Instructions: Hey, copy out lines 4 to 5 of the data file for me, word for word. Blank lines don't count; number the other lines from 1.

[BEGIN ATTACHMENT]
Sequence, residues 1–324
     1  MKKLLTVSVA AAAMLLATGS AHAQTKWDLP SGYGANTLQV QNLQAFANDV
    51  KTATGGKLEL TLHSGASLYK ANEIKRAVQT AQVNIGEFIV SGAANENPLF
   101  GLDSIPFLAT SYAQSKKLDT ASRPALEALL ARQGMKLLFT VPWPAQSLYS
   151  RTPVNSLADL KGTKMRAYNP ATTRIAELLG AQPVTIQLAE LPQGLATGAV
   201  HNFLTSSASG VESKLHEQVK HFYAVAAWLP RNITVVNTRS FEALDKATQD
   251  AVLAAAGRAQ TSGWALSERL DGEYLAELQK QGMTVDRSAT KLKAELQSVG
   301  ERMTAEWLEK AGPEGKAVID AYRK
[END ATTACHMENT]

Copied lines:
   101  GLDSIPFLAT SYAQSKKLDT ASRPALEALL ARQGMKLLFT VPWPAQSLYS
   151  RTPVNSLADL KGTKMRAYNP ATTRIAELLG AQPVTIQLAE LPQGLATGAV